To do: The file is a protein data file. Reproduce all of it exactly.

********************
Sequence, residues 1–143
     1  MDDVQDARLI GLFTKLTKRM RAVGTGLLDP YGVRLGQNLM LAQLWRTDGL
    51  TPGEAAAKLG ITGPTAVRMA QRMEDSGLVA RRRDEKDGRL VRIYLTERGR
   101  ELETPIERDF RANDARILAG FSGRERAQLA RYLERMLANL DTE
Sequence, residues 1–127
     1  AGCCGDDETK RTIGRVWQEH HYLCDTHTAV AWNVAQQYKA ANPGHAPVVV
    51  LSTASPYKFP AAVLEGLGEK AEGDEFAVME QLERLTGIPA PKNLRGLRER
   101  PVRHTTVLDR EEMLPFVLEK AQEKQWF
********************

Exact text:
Sequence, residues 1–143
     1  MDDVQDARLI GLFTKLTKRM RAVGTGLLDP YGVRLGQNLM LAQLWRTDGL
    51  TPGEAAAKLG ITGPTAVRMA QRMEDSGLVA RRRDEKDGRL VRIYLTERGR
   101  ELETPIERDF RANDARILAG FSGRERAQLA RYLERMLANL DTE
Sequence, residues 1–127
     1  AGCCGDDETK RTIGRVWQEH HYLCDTHTAV AWNVAQQYKA ANPGHAPVVV
    51  LSTASPYKFP AAVLEGLGEK AEGDEFAVME QLERLTGIPA PKNLRGLRER
   101  PVRHTTVLDR EEMLPFVLEK AQEKQWF